Jack Nicklaus shares his 5 keys for winning on the Old Course
Few people know the Old Course, and all its little secrets, as Jack Nicklaus. Three of Nicklaus’ record 18 majors were Open Championships, and two of those were at the Old Course.
“I fell in love with it immediately,” he said upon seeing the course for the first time. “And I’ve been in love with it ever since.”
But as for navigating it? That’s a more complex relationship. Speaking on the eve of the 150th Open Championship, the man who has hoisted the Claret Jug twice at St. Andrews shares the qualities the eventual 2022 Champion Golfer of the Year will need in spades this week.
1. Don’t take chances
The Old Course’s fairways are wide, its greens are big, and the course won’t play long — especially in the firm and fast conditions. The course’s only defense is its sporadically placed bunkers, and the combination of all these elements will tempt players to attack the course. To hit drivers, get their ball close to the green, and go low.
The winner, if recent history holds, will end deep in red figures. But the player who accomplishes that feat won’t be the one who plays too aggressively. Instead, it’ll be the one who shows discipline in plotting their way from spot to spot.
“If you play smart, really play smart, you’re probably going to take a couple of chances during the week, but most of the time you don’t,” Nicklaus said, before recounting one of his previous wins, during a press conference on Monday.
“I planned myself out. I hit four drivers a day. And the last day I had a little wind in my face at 14, and I elected instead of hitting 3-wood, I hit driver and I knocked it right in the frickin’ bunker, and it almost cost me the tournament. Discipline is such an important part of playing over here.”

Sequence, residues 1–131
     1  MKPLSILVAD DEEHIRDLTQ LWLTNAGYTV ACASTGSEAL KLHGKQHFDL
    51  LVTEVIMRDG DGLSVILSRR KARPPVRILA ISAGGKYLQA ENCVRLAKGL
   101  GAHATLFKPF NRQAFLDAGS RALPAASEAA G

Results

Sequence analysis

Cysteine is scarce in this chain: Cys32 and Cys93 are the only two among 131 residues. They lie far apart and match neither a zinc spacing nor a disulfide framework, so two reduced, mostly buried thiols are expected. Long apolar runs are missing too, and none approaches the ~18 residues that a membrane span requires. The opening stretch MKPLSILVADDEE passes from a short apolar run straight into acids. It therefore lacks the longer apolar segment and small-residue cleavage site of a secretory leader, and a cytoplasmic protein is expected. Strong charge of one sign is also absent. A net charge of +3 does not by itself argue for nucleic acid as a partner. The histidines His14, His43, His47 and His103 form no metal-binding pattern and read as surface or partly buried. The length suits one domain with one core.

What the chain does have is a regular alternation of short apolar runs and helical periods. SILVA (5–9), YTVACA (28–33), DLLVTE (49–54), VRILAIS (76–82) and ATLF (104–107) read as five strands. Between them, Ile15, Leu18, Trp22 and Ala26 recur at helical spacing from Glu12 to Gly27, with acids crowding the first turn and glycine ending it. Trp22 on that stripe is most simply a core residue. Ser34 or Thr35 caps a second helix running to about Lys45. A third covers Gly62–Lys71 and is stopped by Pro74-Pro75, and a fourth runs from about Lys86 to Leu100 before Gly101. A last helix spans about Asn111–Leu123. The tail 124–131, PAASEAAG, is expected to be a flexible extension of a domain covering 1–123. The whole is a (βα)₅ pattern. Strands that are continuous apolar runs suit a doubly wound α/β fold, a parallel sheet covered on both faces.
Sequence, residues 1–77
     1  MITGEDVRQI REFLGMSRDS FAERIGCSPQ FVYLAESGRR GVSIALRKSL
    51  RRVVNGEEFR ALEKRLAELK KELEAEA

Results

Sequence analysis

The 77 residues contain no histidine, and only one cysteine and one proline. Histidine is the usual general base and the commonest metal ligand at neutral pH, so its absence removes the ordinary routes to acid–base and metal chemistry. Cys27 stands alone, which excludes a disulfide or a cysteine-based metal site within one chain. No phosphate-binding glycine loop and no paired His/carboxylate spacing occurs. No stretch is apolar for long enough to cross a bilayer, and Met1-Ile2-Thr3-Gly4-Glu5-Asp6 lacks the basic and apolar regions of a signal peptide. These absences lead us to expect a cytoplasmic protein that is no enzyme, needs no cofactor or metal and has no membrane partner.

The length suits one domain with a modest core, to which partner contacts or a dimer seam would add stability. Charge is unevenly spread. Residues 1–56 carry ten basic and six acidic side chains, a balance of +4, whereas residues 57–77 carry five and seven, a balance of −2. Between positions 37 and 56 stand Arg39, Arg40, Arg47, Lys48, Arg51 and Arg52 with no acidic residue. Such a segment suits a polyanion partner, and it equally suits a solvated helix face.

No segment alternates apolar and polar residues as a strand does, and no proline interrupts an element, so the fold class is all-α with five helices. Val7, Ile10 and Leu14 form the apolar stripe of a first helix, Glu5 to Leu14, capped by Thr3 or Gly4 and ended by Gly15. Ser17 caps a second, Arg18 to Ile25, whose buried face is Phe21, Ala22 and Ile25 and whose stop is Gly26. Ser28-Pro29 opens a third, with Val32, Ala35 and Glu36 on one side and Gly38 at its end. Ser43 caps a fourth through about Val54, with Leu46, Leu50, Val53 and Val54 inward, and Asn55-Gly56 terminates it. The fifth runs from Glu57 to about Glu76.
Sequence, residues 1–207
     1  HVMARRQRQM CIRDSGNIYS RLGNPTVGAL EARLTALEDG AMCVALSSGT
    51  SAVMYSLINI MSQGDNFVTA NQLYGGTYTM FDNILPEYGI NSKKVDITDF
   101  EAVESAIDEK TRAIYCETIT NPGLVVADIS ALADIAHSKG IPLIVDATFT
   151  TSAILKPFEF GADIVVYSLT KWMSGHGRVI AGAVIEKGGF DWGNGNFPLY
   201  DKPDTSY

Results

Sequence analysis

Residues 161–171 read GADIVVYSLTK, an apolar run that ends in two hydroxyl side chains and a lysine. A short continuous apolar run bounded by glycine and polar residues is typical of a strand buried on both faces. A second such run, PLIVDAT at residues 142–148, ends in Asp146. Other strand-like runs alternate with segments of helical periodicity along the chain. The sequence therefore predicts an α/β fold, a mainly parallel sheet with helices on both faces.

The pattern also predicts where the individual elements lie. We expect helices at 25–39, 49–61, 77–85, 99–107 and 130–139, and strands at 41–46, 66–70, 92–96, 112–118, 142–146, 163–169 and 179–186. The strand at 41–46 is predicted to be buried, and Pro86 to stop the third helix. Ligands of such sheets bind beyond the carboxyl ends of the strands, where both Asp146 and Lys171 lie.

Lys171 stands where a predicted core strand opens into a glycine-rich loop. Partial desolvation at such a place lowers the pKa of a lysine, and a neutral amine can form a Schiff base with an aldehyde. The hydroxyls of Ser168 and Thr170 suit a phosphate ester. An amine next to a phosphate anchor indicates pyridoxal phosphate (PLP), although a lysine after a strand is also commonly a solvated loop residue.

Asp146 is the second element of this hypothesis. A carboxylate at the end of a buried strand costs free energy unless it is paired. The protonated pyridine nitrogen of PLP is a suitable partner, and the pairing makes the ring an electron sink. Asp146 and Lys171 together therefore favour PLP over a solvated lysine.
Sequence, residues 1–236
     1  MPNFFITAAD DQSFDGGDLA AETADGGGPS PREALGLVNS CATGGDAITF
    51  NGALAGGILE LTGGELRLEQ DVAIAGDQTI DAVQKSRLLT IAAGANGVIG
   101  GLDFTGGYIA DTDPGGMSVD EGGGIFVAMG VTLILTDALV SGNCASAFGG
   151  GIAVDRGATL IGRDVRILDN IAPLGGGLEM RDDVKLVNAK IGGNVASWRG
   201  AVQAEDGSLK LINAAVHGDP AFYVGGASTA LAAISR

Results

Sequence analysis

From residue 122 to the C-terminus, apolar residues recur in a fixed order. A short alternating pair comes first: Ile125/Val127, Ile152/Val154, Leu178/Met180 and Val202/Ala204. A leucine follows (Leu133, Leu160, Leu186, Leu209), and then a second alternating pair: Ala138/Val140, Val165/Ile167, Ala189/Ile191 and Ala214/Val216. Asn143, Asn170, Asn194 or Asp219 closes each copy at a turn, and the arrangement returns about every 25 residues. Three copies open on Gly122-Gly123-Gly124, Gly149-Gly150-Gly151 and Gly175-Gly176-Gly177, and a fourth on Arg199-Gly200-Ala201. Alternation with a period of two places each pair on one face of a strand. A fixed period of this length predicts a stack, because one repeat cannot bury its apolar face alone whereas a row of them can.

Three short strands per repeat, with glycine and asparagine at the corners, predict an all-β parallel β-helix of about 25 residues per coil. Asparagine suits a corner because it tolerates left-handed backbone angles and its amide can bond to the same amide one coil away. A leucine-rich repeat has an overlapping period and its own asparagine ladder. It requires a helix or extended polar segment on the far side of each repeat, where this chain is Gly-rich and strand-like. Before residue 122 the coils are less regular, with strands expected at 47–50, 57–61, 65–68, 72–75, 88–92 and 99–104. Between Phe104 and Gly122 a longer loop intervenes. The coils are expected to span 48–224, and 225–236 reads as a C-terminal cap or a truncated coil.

2. Planning around the bunkers
Outside of the elements, it’s the bunkers that’ll haunt players’ dreams of glory at St Andrews. The task this week, Jack says, is simple: Avoid bunkers at all costs, and plan your strategy accordingly.
“If you really play well, play smart at St Andrews … play a club that you need to play off the tee that doesn’t get you in a bunker,” he said. “You still have those pesky little bunkers out there that grab your ball every time you hit an errant shot. You hit one out there, you play it out sideways, you say why did I hit it here? Somebody hit it here 60 years ago or 100 years ago and they had the same problem.”
3. When you miss, miss left
But for all the planning, bad shots are an inevitable part of golf. Even the eventual champion will miss and when they do, Jack has some advice: Try to plan to miss left.
“The philosophy is to keep the ball favoring the centre of the golf course,” he says. “St. Andrews is played to the left. And if you’re going to miss it, you miss it left. Occasionally there’s a bad problem left, but not too often. Most of your problems are right. Out of bounds, bad bunkers, and so forth are on the right.”
4. “Once you get frustrated, say bye bye”
One of the key qualities that shines true in winners of both the U.S. Open and Open Championships isn’t a physical one, but a mental one, Jack says: Understand that bad shots will happen, as will unlucky breaks, and missed putts. But to prevail at the Open — and especially at St. Andrews — you have to exhibit patience above all else.
“Once you get frustrated, then say bye-bye, we’ll see you next time, because that’s what happens,” he said. “You’ve got to be patient and you’ve got the ability to just sort of play to what the golf course gives you. You can’t try to take anymore.”
5. Learning to putt in the wind
Preparation for the Open Championship starts in the days and weeks before the tournament. Yes, pros practice shots they don’t ordinarily hit, like knockdowns and bump-and-runs. But perhaps the most important skill to improve upon this week, Jack says, is putting again.
“As it relates to the greens, you’re going to get the ball on the greens. It’s whether you can putt or not,” he says. “But putting is really difficult in the wind, and particularly on this golf course because the wind just sort of pushes it across the green. You’ve got to figure out to leave a ball in a place where you leave yourself with an impossible putt.”